To illustrate the elaborate layers of women’s clothing in the era of the American Civil War, Elizabeth Miron installed LED lights into the clothing of a doll. The LEDs were controlled through a Phidgets and a program written in Max 6 so that at each push of a button, an LED would light up to indicate the corresponding layer of clothing on the doll and a description of that layer would appear on a nearby computer terminal.
This is the second blog post in a series that features projects complete as part of last Winter’s Interactive Exhibit Design course. These three projects allowed visitors to interact with an exhibit through movement and music.
Gabrielle Bossy designed the World’s Smallest Rock and Roll Museum as her interactive exhibit, which included a home-made gramophone, constructed from a sewing needle and a cone of construction paper. The museum featured a collection of album covers that could be scanned with the Layar App on a smartphone. Once scanned, the app activated a video that provided additional information about the album and then played the music video for one of the songs featured on that album.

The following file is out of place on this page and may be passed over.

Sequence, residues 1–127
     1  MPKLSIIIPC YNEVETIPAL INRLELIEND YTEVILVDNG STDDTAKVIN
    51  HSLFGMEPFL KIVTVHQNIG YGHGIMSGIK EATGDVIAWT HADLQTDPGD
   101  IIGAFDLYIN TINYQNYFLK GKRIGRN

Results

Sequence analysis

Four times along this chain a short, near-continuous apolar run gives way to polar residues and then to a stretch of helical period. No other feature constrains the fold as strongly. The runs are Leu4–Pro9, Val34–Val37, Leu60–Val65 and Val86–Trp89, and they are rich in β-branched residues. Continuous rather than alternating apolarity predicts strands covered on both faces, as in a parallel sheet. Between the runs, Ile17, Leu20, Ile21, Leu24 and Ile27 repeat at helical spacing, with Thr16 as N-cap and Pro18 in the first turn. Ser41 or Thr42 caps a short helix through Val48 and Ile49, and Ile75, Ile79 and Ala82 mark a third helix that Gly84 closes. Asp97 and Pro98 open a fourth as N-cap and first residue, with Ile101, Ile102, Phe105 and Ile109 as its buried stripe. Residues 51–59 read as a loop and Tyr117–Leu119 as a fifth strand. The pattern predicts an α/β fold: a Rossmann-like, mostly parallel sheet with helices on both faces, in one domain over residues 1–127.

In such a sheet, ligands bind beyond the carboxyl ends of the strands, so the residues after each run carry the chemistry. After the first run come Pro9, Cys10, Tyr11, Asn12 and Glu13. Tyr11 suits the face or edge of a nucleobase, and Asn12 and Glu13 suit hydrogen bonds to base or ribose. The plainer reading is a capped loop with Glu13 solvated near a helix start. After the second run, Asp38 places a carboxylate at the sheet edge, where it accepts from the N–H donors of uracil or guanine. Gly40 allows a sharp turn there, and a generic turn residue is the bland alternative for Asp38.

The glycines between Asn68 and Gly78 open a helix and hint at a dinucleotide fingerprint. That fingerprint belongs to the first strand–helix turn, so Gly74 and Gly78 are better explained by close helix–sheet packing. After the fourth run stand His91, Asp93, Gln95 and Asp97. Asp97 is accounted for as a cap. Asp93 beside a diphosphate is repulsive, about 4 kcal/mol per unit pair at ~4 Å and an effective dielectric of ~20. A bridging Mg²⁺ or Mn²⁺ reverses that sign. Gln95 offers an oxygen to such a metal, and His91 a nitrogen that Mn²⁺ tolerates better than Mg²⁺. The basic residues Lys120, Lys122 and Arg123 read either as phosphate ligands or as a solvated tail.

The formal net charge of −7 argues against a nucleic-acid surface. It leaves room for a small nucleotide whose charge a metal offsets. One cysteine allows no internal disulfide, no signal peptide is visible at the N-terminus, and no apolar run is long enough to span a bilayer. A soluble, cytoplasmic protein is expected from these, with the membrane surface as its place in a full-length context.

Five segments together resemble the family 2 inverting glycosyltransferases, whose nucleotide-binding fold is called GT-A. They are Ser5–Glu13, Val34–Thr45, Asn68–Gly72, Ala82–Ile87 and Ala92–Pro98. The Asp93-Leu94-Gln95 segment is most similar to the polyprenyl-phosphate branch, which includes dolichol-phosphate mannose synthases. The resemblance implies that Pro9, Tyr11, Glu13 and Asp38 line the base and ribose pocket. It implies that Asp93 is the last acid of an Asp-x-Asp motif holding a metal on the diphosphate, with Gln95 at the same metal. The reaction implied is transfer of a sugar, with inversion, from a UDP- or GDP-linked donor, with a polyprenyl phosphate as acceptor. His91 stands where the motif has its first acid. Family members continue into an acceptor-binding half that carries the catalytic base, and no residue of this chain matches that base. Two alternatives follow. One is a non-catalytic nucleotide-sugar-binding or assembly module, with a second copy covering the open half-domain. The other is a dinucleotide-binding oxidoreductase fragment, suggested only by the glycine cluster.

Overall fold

Ryan Hunt used a Kinect video game controller to let visitors play music by moving different parts of their body. The Kinect sensor is made compatible with a Max 6 interface through a tool called Synapse. Once the user’s movements could be read by Max 6, Ryan used Ableton to turn the body’s movements into music.
Oliver Jones attached an accelerometer to a conductor’s baton. Using the accelerometer as an input device, Oliver used Max 6 to build a patch that read the vertical motion of the baton. By waving the baton, a user could set the tempo for a piece of music.
HTST 9832 offers graduate students the opportunity to design and build interactive exhibits to experiment with different ways of presenting historical research. In particular, the course introduces historians to interaction design, physical computing, and fabrication through hands-on learning that culminates in the creation of a final project.
The first set of projects to be featured on this blog feature mapping to allow visitors to interact with museum exhibits.